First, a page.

Enlightened Conflict

do you actually know how difficult it is to NOT plagiarize? (as an online writer)

February 12th, 2015


writing deep thoughts cursive

“Be Impeccable With Your Word. Speak with integrity. Say only what you mean. Avoid using the word to speak against yourself or to gossip about others.

Use the power of your word in the direction of truth and love.”


Miguel Angel Ruiz






plagiarism  wordle_600


One of my favorite thinker/writers, Fareed Zakaria, is being skewered for plagiarism <once again>.






In his situation … we are not talking about plagiarizing ideas … or thinking … but rather background to support his points/ideas.



Several blogs, such as conservative media watchdog Newsbusters and the National Review online, spotted similarities between parts of Zakaria’s column and a piece on the same topic in an April issue of the The New Yorker.

The paragraphs in question largely involved descriptions of historical events and context about gun control in America and do not seem anywhere near as serious as other famed plagiarists – such as Jayson Blair at the New York Times and Stephen Glass at the New Republic who made up entire quotes, people and incidents.

But as media websites picked up the story and asked Time for an official comment, Zakaria issued a statement and confessed to his error:




“Media reporters have pointed out that paragraphs in my Time column this week bear close similarities to paragraphs in Jill Lepore’s essay in the April 23rd issue of The New Yorker.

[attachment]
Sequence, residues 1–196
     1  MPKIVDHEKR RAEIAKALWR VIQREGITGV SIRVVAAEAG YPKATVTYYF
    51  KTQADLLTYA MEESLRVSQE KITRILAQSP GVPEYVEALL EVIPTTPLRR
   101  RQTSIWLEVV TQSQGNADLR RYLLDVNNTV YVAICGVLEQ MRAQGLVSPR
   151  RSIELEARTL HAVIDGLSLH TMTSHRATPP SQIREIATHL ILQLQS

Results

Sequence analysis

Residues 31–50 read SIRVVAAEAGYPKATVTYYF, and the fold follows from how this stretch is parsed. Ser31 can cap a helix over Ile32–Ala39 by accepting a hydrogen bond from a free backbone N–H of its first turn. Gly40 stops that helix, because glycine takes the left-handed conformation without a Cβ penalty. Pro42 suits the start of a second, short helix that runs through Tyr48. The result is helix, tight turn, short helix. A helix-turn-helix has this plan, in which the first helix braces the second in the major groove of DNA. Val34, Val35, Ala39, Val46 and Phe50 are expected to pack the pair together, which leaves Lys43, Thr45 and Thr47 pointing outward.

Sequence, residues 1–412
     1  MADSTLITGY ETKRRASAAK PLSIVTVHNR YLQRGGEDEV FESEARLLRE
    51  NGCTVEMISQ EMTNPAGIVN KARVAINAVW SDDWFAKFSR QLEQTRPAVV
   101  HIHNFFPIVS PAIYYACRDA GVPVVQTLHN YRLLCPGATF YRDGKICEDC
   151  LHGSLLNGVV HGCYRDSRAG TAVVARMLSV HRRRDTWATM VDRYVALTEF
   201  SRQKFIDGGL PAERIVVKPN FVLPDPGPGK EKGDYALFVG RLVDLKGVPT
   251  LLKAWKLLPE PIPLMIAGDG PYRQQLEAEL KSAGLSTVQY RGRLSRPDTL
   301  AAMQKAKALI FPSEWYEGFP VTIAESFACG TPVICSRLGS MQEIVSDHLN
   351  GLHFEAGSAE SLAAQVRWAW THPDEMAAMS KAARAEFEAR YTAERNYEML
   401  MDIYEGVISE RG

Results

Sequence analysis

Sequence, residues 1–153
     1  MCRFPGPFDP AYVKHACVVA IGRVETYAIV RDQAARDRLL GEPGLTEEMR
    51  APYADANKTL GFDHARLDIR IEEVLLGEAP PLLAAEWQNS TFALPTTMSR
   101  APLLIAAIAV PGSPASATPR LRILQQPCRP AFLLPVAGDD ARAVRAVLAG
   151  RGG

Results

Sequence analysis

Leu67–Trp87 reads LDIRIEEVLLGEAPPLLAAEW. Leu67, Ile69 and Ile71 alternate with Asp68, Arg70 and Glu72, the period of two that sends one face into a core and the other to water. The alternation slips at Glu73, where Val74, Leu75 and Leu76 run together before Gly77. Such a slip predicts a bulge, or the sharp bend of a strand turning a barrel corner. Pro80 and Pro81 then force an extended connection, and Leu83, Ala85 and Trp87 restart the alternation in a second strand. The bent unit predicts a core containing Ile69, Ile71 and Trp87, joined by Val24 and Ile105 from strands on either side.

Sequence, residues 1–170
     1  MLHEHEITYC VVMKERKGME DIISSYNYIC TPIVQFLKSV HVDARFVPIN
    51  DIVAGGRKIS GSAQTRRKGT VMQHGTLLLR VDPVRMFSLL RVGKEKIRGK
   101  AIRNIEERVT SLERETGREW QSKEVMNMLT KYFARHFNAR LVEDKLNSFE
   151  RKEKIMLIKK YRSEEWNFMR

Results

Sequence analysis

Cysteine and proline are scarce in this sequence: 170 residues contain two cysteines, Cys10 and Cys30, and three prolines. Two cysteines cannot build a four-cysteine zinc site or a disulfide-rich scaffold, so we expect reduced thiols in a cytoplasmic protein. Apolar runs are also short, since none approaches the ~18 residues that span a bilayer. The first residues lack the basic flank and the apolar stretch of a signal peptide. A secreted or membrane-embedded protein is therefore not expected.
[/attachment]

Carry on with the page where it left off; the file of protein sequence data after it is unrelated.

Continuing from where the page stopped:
They are right.


I made a terrible mistake.writing an editing


It is a serious lapse and one that is entirely my fault.



I apologize unreservedly to her, to my editors at Time, and to my readers.”



Fareed Zakaria










Here is the deal.



The harsh Truth as it were.



If you write a lot and share thinking it is extremely difficult to not plagiarize.


Let me say again.



Extremely difficult to not plagiarize.






I am not talking about copying someone’s ideas or thinking. And I am not talking about not sourcing a huge gob of research or writing done by someone else.


I am talking about the snippet or paragraph.



How does it happen <you may ask>?



When you research a topic you will inevitably review a large number of articles, some research, certainly some other written pieces and maybe even some blog thoughts from people.


writing the first-draft


Sometimes in building your draft you will copy some of the content into a draft document so you don’t lose the thought.